Last Updated 5:49 p.m. ET
Hewlett-Packard Co. is suing the chief executive it ousted last month, Mark Hurd, to stop him from taking a top job at rival Oracle Corp.
The lawsuit, filed Tuesday in a California state court, came a day after Oracle hired Hurd as co-president to help lead the database software maker's efforts to steal business from HP. HP claims that Hurd won't be able to perform his job at Oracle without spilling HP's trade secrets and violating a confidentiality agreement.
This type of complaint isn't unusual in the technology world, nor is the confidentiality agreement that Hurd had signed as part of a severance package from HP that could top $40 million.
Technology companies often require such agreements because workers walk out the door with valuable technical information.
But the stakes are higher with Hurd than a rank-and-file employee, and the lawsuit may delay when Hurd could start his new job.
The latest lawsuit shows the growing rancor between HP and Oracle.
The companies have worked together for 25 years to make sure that their products work well together. But that relationship is straining now that Oracle, like HP, sells the computer servers that power companies' back offices. Oracle got that business through its $7.4 billion purchase of Sun Microsystems last year.
Oracle is mostly known for its database software, which many people use every day but likely don't know it, such as when they're pulling money out of a bank or booking a flight. The software helps companies organize and access their data. It essentially gives them a map to all their information, so their computers know exactly where to find things.
Oracle is the world's No. 1 database software maker, and with the Sun business, Oracle is now among the world's top seller of servers, as is HP.
As HP's CEO for five years, a stint that ended after a sexual-harassment investigation, Hurd was responsible for preparing HP's strategic plans and has intimate details about HP's profit margins and special deals it has offered customers, according to HP's lawsuit.
HP also insisted that Hurd was privy to a "highly confidential" analysis of Oracle's competitiveness against HP.
"Hurd's actions are a serious threat to HP's business," HP lawyers wrote in the lawsuit, which was filed in California Superior Court for Santa Clara County.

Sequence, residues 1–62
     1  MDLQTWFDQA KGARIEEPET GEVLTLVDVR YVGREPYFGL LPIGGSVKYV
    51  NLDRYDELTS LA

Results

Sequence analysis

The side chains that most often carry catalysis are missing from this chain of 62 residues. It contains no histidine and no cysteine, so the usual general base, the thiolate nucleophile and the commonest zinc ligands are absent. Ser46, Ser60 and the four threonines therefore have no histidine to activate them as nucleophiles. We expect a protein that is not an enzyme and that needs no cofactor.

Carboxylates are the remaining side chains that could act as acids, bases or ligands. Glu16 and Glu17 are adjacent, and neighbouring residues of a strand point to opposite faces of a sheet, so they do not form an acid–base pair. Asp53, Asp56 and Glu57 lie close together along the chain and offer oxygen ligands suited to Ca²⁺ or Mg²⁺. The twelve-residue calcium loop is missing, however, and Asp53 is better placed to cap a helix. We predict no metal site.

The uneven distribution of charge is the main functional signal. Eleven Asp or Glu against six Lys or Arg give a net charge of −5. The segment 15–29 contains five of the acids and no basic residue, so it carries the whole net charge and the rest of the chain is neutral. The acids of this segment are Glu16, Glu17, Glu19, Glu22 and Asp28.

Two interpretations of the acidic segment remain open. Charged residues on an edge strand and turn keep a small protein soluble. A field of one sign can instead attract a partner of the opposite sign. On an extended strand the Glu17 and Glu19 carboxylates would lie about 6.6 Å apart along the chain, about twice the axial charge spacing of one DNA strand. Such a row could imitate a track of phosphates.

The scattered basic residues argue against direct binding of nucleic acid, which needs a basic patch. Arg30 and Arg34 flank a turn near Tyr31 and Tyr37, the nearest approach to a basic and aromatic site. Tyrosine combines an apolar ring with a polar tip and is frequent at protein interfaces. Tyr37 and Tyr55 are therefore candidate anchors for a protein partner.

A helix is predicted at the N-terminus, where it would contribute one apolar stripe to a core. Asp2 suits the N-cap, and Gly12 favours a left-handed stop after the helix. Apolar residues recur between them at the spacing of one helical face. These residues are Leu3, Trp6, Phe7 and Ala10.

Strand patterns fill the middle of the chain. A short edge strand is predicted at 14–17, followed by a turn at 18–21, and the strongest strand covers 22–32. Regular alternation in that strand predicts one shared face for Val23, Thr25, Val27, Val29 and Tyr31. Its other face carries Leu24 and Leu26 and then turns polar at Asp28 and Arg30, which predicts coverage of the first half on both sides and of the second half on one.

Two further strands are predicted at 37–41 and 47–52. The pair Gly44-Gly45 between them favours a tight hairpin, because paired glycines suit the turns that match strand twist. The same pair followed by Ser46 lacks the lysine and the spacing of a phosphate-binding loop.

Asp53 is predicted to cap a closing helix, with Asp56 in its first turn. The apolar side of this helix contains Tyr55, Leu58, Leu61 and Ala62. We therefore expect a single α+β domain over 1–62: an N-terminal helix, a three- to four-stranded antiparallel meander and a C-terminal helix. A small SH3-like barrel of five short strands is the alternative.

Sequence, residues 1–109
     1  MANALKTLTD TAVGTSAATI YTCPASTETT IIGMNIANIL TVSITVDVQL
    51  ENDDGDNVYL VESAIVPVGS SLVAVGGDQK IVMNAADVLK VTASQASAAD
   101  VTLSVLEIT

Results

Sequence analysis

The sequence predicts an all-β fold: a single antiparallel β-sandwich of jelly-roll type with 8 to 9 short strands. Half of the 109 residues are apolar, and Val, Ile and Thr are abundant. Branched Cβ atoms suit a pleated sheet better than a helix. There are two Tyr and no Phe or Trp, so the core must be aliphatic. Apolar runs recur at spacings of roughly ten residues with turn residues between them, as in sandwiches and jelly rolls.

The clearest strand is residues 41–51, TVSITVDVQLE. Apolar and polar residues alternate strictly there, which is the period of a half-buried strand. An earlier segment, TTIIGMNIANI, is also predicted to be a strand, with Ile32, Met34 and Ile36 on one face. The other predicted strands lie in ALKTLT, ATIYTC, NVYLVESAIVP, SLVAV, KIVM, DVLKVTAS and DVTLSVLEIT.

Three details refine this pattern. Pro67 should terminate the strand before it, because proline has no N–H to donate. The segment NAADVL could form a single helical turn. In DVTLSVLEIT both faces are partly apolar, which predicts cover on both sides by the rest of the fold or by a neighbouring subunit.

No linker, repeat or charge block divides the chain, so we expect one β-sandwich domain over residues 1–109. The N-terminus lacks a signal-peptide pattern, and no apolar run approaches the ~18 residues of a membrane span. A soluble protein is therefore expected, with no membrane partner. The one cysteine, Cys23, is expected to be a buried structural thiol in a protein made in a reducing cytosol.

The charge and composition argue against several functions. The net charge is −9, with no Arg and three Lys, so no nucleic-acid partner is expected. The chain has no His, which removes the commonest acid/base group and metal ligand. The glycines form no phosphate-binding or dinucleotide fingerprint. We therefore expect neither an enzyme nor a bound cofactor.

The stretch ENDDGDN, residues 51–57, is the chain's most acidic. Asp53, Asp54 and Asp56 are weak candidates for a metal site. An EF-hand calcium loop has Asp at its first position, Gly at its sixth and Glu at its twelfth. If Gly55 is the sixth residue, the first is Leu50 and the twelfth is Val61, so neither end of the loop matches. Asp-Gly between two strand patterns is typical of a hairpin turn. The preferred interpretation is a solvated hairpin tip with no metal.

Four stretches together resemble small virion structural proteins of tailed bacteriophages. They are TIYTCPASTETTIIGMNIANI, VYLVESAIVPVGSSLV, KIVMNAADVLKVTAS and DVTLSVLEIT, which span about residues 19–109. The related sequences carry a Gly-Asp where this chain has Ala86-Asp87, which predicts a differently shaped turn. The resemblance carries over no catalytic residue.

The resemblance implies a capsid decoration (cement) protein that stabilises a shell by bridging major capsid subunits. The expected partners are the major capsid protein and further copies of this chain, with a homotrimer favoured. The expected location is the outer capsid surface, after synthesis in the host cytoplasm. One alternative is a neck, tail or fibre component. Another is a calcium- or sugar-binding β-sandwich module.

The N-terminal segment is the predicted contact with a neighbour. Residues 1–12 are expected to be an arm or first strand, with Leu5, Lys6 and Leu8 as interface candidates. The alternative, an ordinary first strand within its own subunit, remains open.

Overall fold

Unless stopped, HP said, Hurd would diminish the value of HP's trade secrets, hurt customer relationships and "give Oracle a strategic advantage as to where to allocate or not allocate resources and exploit the knowledge of HP's strengths and weaknesses."
Hurd and Oracle declined to comment.
These types of cases often end up with a court ordering disputed executives to stay away from certain parts of their new employers' businesses. Hurd's deep involvement with all aspects of HP's businesses could complicate his case.
Still, the lawsuit may only delay Oracle's ability to put Hurd to work.
"In the end, it is likely going to be difficult for HP to prevail," said Kenneth Freeman, dean of Boston University's School of Management. "It's usually a very difficult area to enforce."
HP itself was on the other end of this type of case last year, after it hired David Donatelli, a veteran of the data-storage industry, from EMC Corp. HP was temporarily prohibited from letting Donatelli start work as an executive vice president because of a lawsuit by EMC. A court later ruled that Donatelli could work for HP, but under certain restrictions that split up some of his responsibilities.
Hurd resigned from HP last month after an investigation uncovered inaccurate expense reports connected with Hurd's outings with an actress and HP contractor named Jodie Fisher, who later claimed that her work helping organize HP events dried up after she rebuffed Hurd's advances.
Hurd, 53, who is married with two children, denies making any advances on Fisher. Hurd also insists he didn't prepare his own expenses and didn't try to conceal his outings with Fisher, which often included dinner after the events Fisher helped organize and that Hurd attended.
Ellison loudly came to Hurd's defense after Hurd was forced out of HP last month.
Ellison has said the HP board's decision to publicly disclose the harassment claim against Hurd amounted to "cowardly corporate political correctness," as the board had found that Hurd didn't violate the company's sexual-harassment policies.
HP has emphasized that its board voted unanimously for Hurd's resignation.
Shares of HP, which is based on Palo Alto, fell 42 cents, or 1 percent, to close Tuesday at $39.92. Shares of Oracle, based in Redwood City, increased $1.34, or 5.9 percent, to $24.26